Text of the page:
Federal agencies can indefinitely suspend an employee who they believe was involved in a crime, even before the person is found guilty – so long as they have been indicted by a grand jury.
MSPB - FEDagent - News for federal agents and 1811’s
After the Merit Systems Protection Board found that a retired federal employee failed to prove that the recovery of overpaid benefits from the Federal Employee Retirement System (“FERS”) would be against equity and good conscience, the Court of Appeals for the Federal Circuit reversed the MSPB’s decision, finding that the Administrative Judge’s analysis (which the full Board accepted) was not supported by substantial evidence, was erroneous, and that recovery of the overpayment was unconscionable given the “inexplicable” three-year delay by OPM to finalize the retiree’s benefits, and the additional four-year delay between the retiree’s request for reconsideration and OPM’s decision.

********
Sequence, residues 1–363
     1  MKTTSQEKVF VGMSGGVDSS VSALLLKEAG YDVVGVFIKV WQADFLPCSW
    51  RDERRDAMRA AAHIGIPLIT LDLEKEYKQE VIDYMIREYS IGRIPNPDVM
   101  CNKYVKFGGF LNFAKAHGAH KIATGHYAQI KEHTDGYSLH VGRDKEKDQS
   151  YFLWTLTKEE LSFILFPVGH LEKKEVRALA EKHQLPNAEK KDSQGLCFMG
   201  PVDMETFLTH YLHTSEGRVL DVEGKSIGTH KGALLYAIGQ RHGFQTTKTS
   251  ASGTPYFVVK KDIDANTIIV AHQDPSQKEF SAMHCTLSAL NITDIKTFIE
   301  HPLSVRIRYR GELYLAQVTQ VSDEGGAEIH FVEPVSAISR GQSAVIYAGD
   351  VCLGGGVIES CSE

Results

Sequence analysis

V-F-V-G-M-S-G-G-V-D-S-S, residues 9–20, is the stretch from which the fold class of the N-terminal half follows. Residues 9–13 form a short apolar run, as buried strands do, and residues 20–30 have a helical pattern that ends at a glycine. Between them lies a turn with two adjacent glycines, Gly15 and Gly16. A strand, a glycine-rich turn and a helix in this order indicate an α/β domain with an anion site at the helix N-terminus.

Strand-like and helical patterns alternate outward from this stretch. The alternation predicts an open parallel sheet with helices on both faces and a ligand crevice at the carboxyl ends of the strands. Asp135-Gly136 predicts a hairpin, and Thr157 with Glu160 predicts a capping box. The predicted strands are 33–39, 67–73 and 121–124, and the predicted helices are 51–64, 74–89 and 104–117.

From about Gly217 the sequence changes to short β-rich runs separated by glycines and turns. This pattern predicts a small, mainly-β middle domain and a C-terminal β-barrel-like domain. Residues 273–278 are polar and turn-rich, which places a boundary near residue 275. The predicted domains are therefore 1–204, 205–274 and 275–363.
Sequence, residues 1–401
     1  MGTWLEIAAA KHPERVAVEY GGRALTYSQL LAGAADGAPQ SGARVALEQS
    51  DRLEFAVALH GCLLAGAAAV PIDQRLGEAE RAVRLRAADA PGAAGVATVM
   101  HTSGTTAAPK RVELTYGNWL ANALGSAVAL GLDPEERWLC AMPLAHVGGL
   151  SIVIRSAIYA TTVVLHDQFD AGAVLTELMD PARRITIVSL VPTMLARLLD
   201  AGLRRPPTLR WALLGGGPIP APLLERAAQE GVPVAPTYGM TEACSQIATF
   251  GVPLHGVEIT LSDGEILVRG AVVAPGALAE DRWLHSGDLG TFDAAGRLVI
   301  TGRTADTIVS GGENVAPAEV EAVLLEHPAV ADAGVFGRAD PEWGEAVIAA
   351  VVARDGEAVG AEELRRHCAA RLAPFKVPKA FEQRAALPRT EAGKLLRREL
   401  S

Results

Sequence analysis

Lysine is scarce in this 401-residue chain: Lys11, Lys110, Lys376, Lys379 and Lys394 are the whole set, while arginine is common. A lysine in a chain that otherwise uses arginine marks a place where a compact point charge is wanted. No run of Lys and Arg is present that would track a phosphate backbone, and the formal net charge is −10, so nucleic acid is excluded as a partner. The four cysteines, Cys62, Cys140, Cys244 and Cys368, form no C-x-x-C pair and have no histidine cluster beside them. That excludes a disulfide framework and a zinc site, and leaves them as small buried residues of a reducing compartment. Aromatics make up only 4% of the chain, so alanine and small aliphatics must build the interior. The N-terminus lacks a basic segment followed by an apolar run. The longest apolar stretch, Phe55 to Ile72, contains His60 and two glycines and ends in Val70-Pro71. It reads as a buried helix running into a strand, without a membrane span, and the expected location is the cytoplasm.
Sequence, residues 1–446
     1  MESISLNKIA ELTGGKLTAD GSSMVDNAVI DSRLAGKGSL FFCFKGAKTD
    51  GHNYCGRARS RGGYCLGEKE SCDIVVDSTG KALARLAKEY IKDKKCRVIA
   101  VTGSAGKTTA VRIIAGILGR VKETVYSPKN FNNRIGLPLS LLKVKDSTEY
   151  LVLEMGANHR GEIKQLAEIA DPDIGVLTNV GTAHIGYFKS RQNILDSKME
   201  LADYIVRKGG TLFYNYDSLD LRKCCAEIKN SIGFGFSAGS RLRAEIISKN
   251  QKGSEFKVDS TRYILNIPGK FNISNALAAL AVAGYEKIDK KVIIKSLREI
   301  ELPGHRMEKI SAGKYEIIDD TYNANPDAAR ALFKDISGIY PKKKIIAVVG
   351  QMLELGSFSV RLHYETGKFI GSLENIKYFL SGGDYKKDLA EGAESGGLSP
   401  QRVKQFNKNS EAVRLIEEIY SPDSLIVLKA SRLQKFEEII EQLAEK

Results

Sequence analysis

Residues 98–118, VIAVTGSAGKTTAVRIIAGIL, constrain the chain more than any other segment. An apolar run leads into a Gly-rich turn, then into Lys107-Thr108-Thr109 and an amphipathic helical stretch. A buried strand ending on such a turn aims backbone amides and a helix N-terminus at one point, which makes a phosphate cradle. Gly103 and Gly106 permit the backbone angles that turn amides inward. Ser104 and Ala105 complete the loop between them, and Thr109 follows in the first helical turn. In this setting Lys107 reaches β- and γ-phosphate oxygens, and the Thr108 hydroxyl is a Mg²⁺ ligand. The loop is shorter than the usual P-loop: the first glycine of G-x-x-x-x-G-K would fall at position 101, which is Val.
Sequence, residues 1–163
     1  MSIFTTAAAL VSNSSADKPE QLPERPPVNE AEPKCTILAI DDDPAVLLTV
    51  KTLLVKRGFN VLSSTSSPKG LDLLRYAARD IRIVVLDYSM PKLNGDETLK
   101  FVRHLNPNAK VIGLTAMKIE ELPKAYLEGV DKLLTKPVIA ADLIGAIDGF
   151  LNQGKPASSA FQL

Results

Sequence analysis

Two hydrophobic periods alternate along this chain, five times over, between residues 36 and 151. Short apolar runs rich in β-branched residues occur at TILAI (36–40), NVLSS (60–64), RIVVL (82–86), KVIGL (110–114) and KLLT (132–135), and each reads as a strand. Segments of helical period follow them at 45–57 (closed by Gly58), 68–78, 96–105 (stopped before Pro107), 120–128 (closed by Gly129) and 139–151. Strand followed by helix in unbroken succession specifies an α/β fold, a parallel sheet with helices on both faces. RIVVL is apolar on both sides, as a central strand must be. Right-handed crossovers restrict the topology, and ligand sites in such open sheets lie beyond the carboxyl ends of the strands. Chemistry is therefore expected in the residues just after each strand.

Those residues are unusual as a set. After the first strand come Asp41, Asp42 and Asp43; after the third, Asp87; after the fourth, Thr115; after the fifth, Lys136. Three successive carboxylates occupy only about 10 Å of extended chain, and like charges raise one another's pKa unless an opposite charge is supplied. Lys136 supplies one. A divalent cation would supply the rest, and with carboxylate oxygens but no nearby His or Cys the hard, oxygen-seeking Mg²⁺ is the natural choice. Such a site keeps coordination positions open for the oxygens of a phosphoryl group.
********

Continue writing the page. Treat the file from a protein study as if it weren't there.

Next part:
A Program Analyst at the Department of Veterans Affairs was indicted by a Federal grand jury on 50 counts of making false statements related to health care matters.
A Veterans Affairs police officer was charged with lack of candor, among other charges and specifications, and although the Board sustained the employee’s removal, it reversed the charge of Lack of Candor, clarifying the law in the process.
A Special Agent at the Department of Justice’s Bureau of Alcohol, Tobacco, and Firearms filed an Individual Right of Action appeal with the Merit Systems Protection Board, alleging that his supervisors retaliated against him after he disclosed his suspicion that another agent had improperly shot at a fleeing suspect, provided an inaccurate report of the shooting incident, and had committed perjury during the subsequent criminal trial.
In the first case argued before Supreme Court Justice Neil Gorsuch, Justices appeared to disagree about how to handle “mixed cases,” alleging both adverse employment actions against federal civil service employees and prohibited discrimination, where the Merit Systems Protection Board concludes it lacks jurisdiction because the employee was not subject to an appealable action.